I happen to work at a place whose location enjoys all the congestive joys of inner suburbia, and all the remoteness of the fringe. While I often cycle to work, it is a long trip and I wimp out for the trains in wet weather. Faced with a twenty minute trudge from Flinders St (and before you ask… what trams?) I would welcome a bike scheme like this… if they ever decide to place a station at South Wharf!

For interest sake, here’s a report from someone who’s actually tried the system out.

Thanks Arfon for the shoutout for my review of the bike share system.

I won’t repeat all that’s been said about the unpracticality of having mandatory helmet laws combined with a bike share scheme. Absolutely agree, agree, agree!

On another note, I think some quick-thinking entrepreneurs should get started with a helmet buying/hire stall/vending machine, situated right next to bike docks. Helmet laws are unlikely to change any time soon, so why not take advantage of a gap in the market?

Joyce aka Miss CycleStyle

Thanks, Alan, for the link to the map of proposed stations. That definitely makes the scheme start to look more attractive.

Funkineering mentioned international students. Good point; I’d forgotten about them. There are heaps of international students living in the College Square apartments (Lygon St) and in the northern part of Swanston St, very close to some of the existing or proposed bike stations. Unlike full-time local undergrads, international students are ineligible for concession fares on public transport. The bike share scheme, with its modest annual fee plus the cost of a helmet, begins to look like a very reasonable alternative to a PT full fare for someone on a very limited income.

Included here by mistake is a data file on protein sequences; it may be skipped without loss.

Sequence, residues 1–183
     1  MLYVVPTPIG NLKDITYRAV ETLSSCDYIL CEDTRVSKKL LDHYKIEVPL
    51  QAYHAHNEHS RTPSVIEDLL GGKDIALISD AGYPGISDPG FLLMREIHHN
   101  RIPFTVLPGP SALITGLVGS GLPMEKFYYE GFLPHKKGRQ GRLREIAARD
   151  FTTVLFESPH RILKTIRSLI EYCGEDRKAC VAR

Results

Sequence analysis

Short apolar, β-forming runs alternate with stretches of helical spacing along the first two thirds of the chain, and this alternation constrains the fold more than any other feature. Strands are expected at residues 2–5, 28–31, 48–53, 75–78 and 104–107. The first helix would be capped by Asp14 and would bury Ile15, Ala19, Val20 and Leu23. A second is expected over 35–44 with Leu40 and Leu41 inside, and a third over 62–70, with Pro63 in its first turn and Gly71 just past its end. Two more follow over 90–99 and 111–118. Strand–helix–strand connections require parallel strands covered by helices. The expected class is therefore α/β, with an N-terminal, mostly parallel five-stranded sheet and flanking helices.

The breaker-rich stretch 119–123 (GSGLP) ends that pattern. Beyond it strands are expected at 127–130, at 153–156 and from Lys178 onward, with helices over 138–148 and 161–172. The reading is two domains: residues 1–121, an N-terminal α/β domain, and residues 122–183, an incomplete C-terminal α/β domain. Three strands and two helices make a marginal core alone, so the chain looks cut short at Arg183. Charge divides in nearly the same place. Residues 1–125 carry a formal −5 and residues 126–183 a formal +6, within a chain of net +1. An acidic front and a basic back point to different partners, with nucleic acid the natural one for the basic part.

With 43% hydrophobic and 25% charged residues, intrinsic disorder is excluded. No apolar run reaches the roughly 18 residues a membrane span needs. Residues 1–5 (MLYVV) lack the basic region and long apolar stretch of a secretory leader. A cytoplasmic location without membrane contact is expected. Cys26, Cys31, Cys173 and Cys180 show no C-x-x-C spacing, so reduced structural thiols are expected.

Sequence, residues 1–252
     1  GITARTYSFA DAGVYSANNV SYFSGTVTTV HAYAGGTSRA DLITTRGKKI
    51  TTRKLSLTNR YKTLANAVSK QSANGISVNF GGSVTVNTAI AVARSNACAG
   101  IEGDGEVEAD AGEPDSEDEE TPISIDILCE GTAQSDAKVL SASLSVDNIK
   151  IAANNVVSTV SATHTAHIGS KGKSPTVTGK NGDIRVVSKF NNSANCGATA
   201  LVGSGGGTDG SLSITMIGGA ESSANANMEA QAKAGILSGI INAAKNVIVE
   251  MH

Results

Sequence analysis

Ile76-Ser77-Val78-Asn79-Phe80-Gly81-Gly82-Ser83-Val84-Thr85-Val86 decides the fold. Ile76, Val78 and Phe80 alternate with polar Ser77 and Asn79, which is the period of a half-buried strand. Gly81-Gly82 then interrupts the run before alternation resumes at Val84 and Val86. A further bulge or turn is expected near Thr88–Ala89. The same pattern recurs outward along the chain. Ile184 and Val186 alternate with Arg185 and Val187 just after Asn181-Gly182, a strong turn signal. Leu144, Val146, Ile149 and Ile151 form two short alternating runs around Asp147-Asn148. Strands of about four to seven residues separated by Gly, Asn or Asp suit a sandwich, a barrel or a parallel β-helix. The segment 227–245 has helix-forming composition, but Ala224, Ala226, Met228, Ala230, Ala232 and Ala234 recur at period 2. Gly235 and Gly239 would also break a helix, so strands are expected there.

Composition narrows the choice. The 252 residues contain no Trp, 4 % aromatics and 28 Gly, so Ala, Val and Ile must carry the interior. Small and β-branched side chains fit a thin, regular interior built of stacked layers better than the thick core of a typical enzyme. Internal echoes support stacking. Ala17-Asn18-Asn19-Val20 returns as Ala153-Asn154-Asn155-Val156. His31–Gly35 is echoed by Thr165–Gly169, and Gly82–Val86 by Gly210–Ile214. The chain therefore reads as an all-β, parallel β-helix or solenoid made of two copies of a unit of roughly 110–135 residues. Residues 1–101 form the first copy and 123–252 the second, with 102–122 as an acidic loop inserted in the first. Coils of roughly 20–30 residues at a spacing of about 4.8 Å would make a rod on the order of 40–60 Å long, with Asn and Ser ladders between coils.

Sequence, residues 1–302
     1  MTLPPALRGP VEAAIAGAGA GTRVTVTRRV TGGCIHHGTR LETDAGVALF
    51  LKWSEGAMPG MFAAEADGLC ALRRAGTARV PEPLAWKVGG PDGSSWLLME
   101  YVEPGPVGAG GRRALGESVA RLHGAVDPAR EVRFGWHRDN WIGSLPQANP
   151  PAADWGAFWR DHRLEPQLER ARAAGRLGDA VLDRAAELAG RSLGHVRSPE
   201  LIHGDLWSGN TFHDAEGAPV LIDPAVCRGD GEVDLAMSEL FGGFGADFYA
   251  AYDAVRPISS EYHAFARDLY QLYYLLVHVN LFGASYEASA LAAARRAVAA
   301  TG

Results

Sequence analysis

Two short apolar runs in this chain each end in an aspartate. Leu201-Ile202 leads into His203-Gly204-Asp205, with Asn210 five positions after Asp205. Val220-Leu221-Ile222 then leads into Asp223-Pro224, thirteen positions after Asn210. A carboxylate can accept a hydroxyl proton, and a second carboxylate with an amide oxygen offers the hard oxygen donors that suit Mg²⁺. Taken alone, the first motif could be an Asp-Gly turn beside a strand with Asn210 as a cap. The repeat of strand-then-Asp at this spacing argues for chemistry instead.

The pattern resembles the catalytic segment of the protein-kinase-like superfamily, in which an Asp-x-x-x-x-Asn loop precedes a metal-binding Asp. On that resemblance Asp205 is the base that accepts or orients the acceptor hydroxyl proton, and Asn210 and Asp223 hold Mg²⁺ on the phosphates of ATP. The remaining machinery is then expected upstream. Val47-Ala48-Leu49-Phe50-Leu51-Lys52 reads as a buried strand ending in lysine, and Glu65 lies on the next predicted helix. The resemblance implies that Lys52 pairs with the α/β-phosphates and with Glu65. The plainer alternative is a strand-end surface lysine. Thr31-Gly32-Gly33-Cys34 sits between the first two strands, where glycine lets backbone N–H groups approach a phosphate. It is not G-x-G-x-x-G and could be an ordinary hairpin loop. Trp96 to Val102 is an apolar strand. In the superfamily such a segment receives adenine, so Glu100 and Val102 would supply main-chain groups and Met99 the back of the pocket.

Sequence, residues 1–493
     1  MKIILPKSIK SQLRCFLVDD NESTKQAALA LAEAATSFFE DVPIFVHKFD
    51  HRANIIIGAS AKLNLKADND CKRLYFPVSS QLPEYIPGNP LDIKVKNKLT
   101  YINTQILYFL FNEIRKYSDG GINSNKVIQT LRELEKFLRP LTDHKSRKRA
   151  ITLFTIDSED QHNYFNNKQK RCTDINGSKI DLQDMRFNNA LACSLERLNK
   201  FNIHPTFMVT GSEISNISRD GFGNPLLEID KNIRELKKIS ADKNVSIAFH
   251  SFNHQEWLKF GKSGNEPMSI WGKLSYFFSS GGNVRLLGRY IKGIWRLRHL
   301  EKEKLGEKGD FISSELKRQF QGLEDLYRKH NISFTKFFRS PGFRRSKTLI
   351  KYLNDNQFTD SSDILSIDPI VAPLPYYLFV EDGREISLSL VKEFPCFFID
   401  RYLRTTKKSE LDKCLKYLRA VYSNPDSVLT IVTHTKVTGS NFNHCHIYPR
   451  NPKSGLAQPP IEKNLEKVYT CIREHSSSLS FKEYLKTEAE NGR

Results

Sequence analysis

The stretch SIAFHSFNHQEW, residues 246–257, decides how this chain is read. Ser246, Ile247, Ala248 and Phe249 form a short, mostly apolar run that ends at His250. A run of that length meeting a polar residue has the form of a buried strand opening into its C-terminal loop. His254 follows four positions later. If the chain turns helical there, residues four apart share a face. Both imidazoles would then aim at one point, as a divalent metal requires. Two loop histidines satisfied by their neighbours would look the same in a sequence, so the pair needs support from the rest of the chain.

I think full-time local postgrad students are also ineligible for PT concession fares, although I am happy to be corrected on this.

Melbourne Uni today mentioned this scheme in its regular newsletter to staff and students, and in it they identified another group I hadn’t thought of: those students who have classes at both the Parkville and Southbank (VCAM) campuses. The bike stations at Melbourne Uni are located at Tin Alley (near the swimming pool) and at the Monash Road entrance in Swanston St, and there’s a proposed station right outside VCAM at Southbank. If they put another one over the other side of the campus, somewhere near the Conservatorium on Royal Parade, or near the Old Arts building, or near the Baillieu library (the logical places where you’d expect to find that cohort who have classes at both VCAM and Parkville), then I think it would be just as quick, if not quicker, for a student in that cohort to walk out of one class, jump on a bike outside the building, and whiz down Swanston St to their next class at VCAM, than it would to catch the tram.

Bonnie, full-time local postgrad students CAN get a concession fare, provided they are eligible for a health care card — that is, they are on a low income. (Any health care card holder can now get concession fares; the rules changed recently.)